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The age of the employee social ambassador is here.
May 23, 2024

Marketing Brew


Today is Thursday. And, in something of an homage to Pepsi’s disastrous ’90s aircraft giveaway, canned-beverage brand Liquid Death is giving away a fighter jet worth $400k. Sure. This will definitely end well.

In today’s edition:

—Katie Hicks, Joshua Needelman, Ryan Barwick


Staffer, creator

Mobile phone with Instagram and bullhorn Amelia Kinsinger

The content is coming from inside the house—and not every company likes it.

In April, TikTok creator and Chick-fil-A employee Miriam Webb, who built a following of tens of thousands of people by reviewing Chick-fil-A menu items, said in a post on the platform that she had been notified by the company that her videos violated a rule in its employee handbook and she would no longer be posting them—much to the disappointment of her comments section, which included influencer James Charles, who called it a “huge missed opportunity for them.” Chick-fil-A did not respond to Marketing Brew’s request for comment.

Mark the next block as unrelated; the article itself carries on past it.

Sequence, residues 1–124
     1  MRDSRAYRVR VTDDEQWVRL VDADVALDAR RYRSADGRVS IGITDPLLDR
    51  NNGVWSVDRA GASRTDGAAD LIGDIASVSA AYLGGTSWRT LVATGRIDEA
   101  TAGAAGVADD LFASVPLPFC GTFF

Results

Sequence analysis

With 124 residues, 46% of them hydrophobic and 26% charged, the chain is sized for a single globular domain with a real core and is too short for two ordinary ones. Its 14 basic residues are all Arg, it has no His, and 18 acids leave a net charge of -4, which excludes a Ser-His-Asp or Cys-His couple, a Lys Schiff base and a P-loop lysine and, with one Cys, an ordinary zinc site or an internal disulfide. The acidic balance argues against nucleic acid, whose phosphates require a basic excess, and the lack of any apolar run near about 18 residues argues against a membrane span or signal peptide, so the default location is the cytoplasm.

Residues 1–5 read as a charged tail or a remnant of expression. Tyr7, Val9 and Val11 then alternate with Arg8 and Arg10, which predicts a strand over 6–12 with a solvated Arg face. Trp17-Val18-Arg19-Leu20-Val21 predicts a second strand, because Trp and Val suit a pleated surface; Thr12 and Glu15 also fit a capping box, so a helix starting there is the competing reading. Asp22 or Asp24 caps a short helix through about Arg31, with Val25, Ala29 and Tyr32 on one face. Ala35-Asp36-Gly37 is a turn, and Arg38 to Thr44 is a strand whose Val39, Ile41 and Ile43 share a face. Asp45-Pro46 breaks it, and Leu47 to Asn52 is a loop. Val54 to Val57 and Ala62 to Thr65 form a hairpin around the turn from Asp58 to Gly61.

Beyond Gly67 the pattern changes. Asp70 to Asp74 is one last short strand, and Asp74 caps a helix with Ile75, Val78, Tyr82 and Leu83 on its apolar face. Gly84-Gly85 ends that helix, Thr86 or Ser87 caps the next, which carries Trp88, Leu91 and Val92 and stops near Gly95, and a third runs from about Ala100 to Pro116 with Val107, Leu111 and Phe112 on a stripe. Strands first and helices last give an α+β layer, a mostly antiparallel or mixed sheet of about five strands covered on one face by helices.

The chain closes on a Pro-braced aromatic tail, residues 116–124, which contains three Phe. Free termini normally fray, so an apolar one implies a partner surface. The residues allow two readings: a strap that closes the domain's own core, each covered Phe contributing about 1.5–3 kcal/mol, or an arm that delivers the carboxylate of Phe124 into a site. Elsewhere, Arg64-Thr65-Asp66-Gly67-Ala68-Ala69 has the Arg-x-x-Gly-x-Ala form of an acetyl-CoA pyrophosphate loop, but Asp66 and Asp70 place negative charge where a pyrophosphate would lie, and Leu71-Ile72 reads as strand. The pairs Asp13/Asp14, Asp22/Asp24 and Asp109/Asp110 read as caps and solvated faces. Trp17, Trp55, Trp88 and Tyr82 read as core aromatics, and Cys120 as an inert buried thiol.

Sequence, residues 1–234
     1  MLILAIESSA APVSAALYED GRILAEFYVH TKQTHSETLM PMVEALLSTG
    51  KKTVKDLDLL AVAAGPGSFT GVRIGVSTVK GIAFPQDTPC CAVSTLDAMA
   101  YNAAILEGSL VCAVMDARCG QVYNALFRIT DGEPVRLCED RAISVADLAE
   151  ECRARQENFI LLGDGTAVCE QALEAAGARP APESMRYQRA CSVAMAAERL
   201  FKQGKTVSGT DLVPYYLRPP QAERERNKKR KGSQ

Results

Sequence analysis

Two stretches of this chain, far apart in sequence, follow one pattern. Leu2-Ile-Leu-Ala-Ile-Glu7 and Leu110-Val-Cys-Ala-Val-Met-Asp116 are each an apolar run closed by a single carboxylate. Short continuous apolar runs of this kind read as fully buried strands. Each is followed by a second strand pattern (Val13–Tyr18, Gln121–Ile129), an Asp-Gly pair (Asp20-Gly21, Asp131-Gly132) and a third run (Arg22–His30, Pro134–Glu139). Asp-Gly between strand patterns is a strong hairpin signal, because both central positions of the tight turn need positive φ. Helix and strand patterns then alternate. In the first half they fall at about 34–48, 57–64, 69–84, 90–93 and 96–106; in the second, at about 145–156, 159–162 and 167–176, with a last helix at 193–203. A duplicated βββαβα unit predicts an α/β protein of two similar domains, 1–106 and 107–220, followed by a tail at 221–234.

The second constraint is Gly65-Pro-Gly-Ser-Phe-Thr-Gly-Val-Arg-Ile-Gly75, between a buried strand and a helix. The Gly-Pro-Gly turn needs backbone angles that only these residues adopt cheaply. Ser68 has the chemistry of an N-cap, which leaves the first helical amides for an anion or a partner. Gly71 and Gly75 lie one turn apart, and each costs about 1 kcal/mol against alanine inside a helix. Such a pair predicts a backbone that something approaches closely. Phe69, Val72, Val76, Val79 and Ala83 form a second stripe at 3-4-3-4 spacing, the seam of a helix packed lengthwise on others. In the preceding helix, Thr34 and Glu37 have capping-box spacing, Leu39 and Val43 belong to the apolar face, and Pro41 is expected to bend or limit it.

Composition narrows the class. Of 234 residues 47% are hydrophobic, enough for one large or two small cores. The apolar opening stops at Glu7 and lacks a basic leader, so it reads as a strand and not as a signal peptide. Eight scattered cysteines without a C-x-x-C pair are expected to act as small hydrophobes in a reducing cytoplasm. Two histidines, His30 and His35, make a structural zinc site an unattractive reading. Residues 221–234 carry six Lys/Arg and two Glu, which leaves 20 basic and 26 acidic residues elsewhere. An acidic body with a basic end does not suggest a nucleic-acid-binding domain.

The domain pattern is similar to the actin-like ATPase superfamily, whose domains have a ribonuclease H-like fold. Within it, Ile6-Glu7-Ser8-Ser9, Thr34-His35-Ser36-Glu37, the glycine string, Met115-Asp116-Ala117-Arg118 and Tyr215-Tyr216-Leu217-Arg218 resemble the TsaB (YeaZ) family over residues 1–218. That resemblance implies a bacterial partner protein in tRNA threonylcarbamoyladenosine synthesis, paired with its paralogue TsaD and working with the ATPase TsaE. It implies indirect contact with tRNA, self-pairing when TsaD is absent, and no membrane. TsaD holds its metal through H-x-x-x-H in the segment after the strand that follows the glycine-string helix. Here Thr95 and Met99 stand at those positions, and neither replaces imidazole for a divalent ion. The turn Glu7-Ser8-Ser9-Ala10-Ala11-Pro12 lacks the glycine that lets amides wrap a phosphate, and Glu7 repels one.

“I really was hoping that we could collab or that we could turn this into something, because I felt like I was a great candidate for it and I had the numbers to show it and prove it,” Webb said in the video. “But I respect their decision, and all I can do now is adapt.”

And adapt she did. Less than a week later (and on a Sunday, no less), Webb posted the first of a two-video paid deal with Shake Shack, where she reviewed the chain’s Chicken Shack chicken sandwich. Other brands have made appearances on her account, too, including El Pollo Loco, Duck Donuts, and Claire’s.